SEOUL: South Korea on Monday announced trade and shipping reprisals against North Korea for torpedoing one of its warships, winning vocal US support but drawing threats of attack from the communist state's military.
President Lee Myung-Bak, in a nationally televised address, said he was suspending trade with the North and banning its merchant ships from Seoul's waters. He vowed an immediate military response to any future aggression and said Seoul would refer the March 26 attack to the United Nations Security Council for punishment.
President Barack Obama expressed full backing for the US ally. He ordered his armed forces to work closely with South Korea "to ensure readiness and to deter future aggression", the White House said.
But North Korea's military threatened to open fire at any South Korean loudspeakers broadcasting propaganda across the border if Seoul follows through on its pledge to install them as part of the reprisals.
"From now on, (South) Korea will not tolerate any provocative act by the North and will maintain the principle of proactive deterrence," Lee said. "If our territorial waters, airspace or territory are violated, we will immediately exercise our right of self-defence." Analysts predicted cross-border tensions would remain high for months but said major conflict was unlikely.
A multinational investigation team last Thursday reported overwhelming evidence that a North Korean submarine fired a heavy torpedo which sank the 1,200-tonne corvette Cheonan near the disputed border, killing 46 sailors.
The United States and numerous other nations have condemned the attack, seen in Seoul as one of the worst provocations since the end of the 1950-53 war. But the North's ally China, which wields a Security Council veto, has only called on all sides to show restraint. US Secretary of State Hillary Clinton is pressing China to get tough with its wayward ally during her current visit to Beijing. She goes on to Seoul on Wednesday.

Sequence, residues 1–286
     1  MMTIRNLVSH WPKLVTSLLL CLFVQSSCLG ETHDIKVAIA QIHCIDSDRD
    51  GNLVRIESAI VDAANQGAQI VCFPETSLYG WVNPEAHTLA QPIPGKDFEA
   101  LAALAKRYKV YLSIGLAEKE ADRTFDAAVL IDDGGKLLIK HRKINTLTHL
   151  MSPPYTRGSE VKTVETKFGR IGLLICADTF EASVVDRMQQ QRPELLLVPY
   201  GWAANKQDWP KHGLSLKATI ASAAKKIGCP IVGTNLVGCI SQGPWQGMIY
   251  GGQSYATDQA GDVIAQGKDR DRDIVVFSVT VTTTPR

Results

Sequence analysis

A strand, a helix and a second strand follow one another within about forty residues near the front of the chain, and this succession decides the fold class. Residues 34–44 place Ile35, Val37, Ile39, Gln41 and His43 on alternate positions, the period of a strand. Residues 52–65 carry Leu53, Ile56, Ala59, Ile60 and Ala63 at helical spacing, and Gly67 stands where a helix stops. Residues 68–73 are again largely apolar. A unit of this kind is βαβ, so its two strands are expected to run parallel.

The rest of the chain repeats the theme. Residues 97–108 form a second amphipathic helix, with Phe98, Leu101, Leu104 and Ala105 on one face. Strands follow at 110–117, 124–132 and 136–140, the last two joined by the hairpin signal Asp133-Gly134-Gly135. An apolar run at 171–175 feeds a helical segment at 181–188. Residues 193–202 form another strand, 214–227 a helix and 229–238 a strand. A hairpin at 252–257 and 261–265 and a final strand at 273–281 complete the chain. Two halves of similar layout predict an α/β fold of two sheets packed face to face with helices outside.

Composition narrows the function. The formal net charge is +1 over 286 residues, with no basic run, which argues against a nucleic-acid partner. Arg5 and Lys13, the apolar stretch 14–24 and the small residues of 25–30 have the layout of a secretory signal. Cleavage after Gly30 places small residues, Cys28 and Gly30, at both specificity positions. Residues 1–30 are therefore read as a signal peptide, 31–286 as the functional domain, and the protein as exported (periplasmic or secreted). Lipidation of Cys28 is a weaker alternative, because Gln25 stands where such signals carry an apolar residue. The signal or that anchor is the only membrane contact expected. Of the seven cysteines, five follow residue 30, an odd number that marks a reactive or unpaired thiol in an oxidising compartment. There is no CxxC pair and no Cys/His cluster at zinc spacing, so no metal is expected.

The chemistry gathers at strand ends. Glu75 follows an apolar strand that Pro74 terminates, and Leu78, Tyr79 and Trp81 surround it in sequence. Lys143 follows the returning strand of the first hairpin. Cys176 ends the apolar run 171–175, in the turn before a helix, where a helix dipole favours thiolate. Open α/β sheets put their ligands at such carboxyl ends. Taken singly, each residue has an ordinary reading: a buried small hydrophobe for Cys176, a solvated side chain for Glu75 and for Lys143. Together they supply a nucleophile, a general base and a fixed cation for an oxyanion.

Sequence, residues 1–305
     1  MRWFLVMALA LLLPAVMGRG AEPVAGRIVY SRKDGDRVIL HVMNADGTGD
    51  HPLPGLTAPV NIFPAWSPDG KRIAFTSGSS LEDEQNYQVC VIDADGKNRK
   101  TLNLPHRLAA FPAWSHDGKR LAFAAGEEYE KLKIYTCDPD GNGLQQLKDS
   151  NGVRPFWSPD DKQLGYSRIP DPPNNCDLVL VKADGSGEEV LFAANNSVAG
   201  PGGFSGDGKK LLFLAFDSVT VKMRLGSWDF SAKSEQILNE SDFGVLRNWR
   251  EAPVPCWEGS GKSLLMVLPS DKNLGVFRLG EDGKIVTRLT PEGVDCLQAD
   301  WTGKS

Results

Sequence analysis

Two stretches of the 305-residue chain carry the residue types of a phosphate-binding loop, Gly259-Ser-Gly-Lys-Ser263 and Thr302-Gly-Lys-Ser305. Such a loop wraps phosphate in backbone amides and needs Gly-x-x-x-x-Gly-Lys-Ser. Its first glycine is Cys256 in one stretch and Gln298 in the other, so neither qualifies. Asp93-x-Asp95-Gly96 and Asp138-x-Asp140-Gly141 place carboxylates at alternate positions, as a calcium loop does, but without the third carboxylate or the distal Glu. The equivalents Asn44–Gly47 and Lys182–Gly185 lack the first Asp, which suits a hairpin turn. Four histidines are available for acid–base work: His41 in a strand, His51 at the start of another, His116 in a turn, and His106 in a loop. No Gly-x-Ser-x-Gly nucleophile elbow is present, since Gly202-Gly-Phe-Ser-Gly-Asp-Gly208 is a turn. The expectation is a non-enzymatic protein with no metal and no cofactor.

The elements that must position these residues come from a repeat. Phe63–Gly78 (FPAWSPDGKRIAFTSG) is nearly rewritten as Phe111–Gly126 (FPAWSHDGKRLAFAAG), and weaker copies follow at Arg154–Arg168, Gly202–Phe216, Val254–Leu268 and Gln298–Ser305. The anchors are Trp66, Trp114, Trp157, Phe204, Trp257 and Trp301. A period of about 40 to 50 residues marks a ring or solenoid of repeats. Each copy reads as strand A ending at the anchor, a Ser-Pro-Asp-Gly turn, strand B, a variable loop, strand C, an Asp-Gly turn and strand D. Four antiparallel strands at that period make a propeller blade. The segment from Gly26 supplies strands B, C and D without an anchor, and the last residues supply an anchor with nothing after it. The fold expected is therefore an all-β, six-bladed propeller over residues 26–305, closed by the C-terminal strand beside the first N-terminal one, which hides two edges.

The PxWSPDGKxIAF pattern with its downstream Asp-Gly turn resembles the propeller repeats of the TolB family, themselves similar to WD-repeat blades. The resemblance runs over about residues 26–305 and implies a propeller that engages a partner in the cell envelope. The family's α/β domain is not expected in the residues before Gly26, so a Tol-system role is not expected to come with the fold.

"Today we face another serious challenge provoked by the sinking of the South Korean ship," she said at the start of two days of high-level talks. "So we must work together to address this challenge and advance our shared objective of peace and stability on the Korean peninsula," Clinton said, urging the North to halt "threats and belligerence" towards its neighbours.
Seoul's Defence Minister Kim Tae-Young said the US and South Korean navies would soon stage an anti-submarine drill off the west coast. The North says the South has faked evidence of its involvement to try to ignite conflict, and threatens "all-out war" in response to any punitive moves.
Its military expressed anger at new moves to wage psychological warfare along the land border, vowing to open fire at propaganda posters or loudspeakers on the southern side. In his strongly worded speech, delivered symbolically from Seoul's war memorial, Lee said trade and exchanges would be suspended since any cooperation was "meaningless" under present circumstances.
He exempted the jointly run Kaesong industrial estate just north of the border, and humanitarian aid for the North's children, from the cut-off. "Once again, North Korea violently shattered our peace," Lee said, urging its regime immediately to apologise for the attack and punish those responsible.
The president said the South in the past had repeatedly tolerated the North's "brutality", citing a 1983 bombing in Myanmar aimed at Seoul's then-president and the downing of an airliner in 1987 which killed 115 people. "But now things are different. North Korea will pay a price corresponding to its provocative acts."
Dongguk University professor Kim Yong-Hyun said tensions would remain acute. "But I believe the two sides may try to find a breakthrough in the second half (of 2010) or after August, although it all depends on South Korea's attitude."
Yang Moo-Jin, of Seoul's University of North Korean Studies, said Lee had "declared an era of cold war" and tensions would escalate further. "A limited military conflict is always possible but the two Koreas are expected to show restraint as the superpowers around the peninsula will not let it go too far," Yang told AFP.